Mouwembleem 9th Corps (Sleeve patch 9th Corps)

WW 2 aanmaak

€ 7,00

IX Corps was a corps of the United States Army. For most of its operational history, IX Corps was headquartered in or around Japan and subordinate to US Army commands in the Far East.

Created following World War I, the corps was not activated for use until just before World War II almost 20 years later. The corps spent most of World War II in charge of defenses on the West Coast of the United States, before moving to Hawaii and Leyte to plan and organize operations for US forces advancing across the Pacific. Following the end of the war, IX Corps participated in the occupation of mainland Japan.

The corps headquarters was finally activated on 24 October 1940 at Fort Lewis, Washington as part of a large buildup of the US Army in response to conflicts around the world. It immediately began training of combat units in preparation for deployment. One year later, IX Corps took command of the Camp Murray staging area in Washington, responsible for training Army National Guard forces in addition to its responsibilities training active duty and reserve units.

Following the Japanese attack on Pearl Harbor in late 1941, IX Corps was assigned to defensive duties on the West Coast of the United States, specifically the central and northern regions of the coast. The corps oversaw defenses on the West Coast for the majority of the war, but in 1944 it was moved to Fort McPherson, Georgia in preparation for deployment overseas.


The corps trained at Fort McPherson in preparation for deployment to the Pacific Theater of Operations. On 25 September 1944, the corps closed headquarters at Fort McPherson and moved to Hawaii. When it arrived in Hawaii, IX Corps was put under the command of the Tenth United States Army. Under the Tenth Army, IX Corps was assigned two missions. In 1944, it was primarily concerned with formulating plans for an invasion of the coastal regions of Japanese-held China. Later in 1944 and early 1945, it was placed in charge of preparing the rest of the Tenth Army for movement to Okinawa in preparation for an invasion of the island, which was launched in April 1945.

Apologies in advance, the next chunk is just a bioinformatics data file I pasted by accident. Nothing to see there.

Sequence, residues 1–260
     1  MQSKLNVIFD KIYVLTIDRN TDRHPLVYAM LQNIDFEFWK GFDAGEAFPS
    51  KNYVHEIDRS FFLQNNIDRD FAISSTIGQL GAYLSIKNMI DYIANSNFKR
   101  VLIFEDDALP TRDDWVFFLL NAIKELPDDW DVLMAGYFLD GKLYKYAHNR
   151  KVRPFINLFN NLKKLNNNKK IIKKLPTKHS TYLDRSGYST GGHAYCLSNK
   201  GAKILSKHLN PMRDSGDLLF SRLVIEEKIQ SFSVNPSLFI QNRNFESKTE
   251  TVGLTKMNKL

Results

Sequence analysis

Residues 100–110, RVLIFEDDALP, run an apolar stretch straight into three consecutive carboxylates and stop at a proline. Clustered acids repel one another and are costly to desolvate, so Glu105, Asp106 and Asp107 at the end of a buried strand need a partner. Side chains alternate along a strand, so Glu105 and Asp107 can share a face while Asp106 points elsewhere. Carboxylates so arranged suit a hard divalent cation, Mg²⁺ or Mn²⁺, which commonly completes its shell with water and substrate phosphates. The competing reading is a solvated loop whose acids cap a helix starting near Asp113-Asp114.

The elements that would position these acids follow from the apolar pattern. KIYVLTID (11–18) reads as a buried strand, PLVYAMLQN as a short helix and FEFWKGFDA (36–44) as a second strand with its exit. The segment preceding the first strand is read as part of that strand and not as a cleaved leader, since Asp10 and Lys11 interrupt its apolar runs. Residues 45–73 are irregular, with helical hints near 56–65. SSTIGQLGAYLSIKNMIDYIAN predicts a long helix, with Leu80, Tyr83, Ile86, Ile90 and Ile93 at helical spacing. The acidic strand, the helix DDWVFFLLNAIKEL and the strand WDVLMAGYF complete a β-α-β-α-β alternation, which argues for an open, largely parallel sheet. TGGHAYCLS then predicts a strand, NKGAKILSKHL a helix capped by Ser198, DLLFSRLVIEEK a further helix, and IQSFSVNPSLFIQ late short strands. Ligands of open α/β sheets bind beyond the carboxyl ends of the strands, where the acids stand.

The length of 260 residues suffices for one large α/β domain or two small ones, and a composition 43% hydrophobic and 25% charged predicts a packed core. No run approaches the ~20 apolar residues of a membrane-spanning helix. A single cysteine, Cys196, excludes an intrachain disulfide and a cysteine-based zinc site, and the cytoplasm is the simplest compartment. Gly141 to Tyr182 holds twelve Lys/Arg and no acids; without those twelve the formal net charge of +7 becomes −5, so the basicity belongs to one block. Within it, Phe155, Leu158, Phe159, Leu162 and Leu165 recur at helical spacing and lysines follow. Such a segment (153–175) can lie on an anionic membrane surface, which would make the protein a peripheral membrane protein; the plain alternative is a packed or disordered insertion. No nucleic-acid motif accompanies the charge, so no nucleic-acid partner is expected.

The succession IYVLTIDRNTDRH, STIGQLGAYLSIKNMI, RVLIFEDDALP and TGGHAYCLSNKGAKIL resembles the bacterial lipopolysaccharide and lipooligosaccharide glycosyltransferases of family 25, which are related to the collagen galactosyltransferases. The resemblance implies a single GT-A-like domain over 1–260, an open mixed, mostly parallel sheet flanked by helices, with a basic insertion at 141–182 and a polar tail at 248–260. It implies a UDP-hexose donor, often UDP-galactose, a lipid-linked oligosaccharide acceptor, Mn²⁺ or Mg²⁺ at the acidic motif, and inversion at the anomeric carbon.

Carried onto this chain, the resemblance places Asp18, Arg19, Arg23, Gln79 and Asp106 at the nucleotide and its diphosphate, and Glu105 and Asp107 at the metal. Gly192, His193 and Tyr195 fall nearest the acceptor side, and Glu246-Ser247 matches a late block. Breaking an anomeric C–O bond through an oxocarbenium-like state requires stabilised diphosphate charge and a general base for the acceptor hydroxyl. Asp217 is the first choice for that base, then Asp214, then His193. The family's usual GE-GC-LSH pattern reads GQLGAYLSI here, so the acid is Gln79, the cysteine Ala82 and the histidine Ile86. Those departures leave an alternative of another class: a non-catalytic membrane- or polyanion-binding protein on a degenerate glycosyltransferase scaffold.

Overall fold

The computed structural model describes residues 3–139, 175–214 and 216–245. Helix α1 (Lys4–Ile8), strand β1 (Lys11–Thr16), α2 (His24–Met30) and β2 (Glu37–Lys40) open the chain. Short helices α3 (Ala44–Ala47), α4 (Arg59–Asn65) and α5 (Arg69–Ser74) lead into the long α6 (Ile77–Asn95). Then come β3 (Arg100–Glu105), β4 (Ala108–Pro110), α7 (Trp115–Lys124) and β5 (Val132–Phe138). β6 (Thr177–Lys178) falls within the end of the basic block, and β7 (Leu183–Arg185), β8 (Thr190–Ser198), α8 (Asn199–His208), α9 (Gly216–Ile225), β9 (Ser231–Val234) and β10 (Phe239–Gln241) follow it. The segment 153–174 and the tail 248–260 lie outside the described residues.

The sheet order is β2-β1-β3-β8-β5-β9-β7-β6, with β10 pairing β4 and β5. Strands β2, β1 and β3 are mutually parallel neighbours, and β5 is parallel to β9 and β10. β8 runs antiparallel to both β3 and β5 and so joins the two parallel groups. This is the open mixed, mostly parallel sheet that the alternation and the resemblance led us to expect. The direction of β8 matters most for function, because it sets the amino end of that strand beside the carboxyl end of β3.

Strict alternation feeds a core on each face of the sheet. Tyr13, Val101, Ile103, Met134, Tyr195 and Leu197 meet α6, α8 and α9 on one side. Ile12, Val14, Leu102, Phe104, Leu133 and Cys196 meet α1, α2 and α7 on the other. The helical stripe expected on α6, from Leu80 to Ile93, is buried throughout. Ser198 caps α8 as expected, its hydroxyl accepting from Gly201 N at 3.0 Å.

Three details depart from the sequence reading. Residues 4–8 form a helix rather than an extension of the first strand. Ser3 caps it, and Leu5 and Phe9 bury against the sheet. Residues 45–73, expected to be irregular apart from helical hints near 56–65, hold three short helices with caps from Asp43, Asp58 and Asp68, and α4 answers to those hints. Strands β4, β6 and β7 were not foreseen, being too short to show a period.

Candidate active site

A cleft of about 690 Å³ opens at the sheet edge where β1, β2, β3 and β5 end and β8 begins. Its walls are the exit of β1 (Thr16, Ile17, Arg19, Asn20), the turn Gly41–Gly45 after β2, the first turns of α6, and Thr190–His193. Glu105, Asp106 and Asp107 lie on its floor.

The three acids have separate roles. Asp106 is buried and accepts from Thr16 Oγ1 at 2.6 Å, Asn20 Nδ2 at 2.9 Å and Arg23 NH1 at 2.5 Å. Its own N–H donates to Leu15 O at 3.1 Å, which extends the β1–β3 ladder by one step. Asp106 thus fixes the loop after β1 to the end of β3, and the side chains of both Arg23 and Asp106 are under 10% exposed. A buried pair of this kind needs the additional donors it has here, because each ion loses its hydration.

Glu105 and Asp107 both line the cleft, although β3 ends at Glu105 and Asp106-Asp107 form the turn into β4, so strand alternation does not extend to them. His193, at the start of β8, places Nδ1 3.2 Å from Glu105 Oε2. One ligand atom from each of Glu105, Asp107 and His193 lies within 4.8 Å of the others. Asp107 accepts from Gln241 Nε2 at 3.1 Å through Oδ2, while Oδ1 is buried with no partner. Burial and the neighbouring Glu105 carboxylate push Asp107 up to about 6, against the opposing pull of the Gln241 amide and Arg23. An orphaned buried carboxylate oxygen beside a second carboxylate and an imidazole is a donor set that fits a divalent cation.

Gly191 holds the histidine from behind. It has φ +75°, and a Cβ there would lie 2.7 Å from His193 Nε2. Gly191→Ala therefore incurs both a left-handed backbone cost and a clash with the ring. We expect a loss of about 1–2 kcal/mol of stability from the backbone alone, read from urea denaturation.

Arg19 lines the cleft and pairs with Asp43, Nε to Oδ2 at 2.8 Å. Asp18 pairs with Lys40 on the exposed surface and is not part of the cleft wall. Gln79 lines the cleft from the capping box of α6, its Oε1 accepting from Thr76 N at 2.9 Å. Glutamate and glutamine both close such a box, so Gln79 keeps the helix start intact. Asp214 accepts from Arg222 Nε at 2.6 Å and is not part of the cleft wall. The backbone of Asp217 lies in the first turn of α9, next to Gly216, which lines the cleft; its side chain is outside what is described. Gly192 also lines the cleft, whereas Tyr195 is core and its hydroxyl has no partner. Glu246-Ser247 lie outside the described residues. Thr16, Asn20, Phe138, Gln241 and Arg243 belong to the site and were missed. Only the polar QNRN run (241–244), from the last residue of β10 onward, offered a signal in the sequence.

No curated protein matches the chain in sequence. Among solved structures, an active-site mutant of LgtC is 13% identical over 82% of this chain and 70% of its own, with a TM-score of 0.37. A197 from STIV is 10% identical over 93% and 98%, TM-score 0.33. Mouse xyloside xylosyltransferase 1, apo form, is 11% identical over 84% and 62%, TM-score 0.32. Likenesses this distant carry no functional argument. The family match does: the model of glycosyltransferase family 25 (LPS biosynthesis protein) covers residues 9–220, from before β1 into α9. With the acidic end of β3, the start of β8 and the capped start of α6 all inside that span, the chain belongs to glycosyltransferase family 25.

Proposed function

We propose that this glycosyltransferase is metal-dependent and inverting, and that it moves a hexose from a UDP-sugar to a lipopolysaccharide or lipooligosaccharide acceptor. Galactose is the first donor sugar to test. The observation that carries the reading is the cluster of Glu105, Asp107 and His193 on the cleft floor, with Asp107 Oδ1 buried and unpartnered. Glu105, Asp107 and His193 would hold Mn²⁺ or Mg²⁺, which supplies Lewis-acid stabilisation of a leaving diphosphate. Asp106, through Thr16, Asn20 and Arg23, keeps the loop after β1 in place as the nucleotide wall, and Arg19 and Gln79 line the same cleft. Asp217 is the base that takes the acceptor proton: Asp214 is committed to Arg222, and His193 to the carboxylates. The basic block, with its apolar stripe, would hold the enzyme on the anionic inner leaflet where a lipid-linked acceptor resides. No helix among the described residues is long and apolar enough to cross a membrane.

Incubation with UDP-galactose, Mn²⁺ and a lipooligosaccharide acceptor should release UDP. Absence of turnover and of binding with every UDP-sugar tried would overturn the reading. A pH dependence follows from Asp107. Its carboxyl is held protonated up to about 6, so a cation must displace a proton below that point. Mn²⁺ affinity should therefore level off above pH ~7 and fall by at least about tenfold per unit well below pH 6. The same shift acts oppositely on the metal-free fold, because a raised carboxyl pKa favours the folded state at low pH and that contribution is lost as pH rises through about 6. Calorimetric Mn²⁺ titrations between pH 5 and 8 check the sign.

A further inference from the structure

When General of the Army Douglas MacArthur took overall command of Pacific Forces, IX Corps was moved to Leyte in the Philippine Islands and was assigned to the Sixth United States Army in July 1945. In Leyte, the corps was tasked with the planning of Operation Downfall, the invasion of mainland Japan, specifically the island of Kyushu. It was also tasked with planning occupation once Japan surrendered. IX Corps was assigned as one of four Corps under the command of the Sixth Army, with a strength of 14 divisions. With the 77th Infantry Division, the 81st Infantry Division and 98th Infantry Division, a force of 79,000 men, IX Corps would serve as the Sixth Army's reserve force during the initial invasion. Before the assault could be launched, Japan surrendered in August 1945, following the use of nuclear weapons on Hiroshima and Nagasaki.


Following the surrender, IX Corps was assigned command of occupation forces on the northern island of Hokkaidō. IX Corps transferred its headquarters in October 1945 to Sapporo for occupation duties. The next few years were a period during which the terms of the surrender were supervised and enforced; Japanese military installations and material were seized, troops were disarmed and discharged, and weapons of warfare disposed of. The duties of the occupation force included conversion of industry, repatriation of foreign nationals, and supervision of the complex features of all phases of Japanese government, economics, education, and industry.

As the occupation duties were accomplished, the occupation force continued to downsize as more troops returned home and their units were deactivated. By 1950, the Sixth Army had left Japan, and the occupation force was reduced to the Eighth United States Army commanding two corps and four under-strength divisions; the I Corps, commanding the 24th Infantry Division and 25th Infantry Division, and the IX Corps, commanding the 1st Cavalry Division and the7th Infantry Division. IX Corps had been moved to Sendai as the occupation forces shifted as a result of the downsizing. As part of further downsizing, IX Corps was deactivated on 28 March 1950, and its command responsibilities were consolidated with other units

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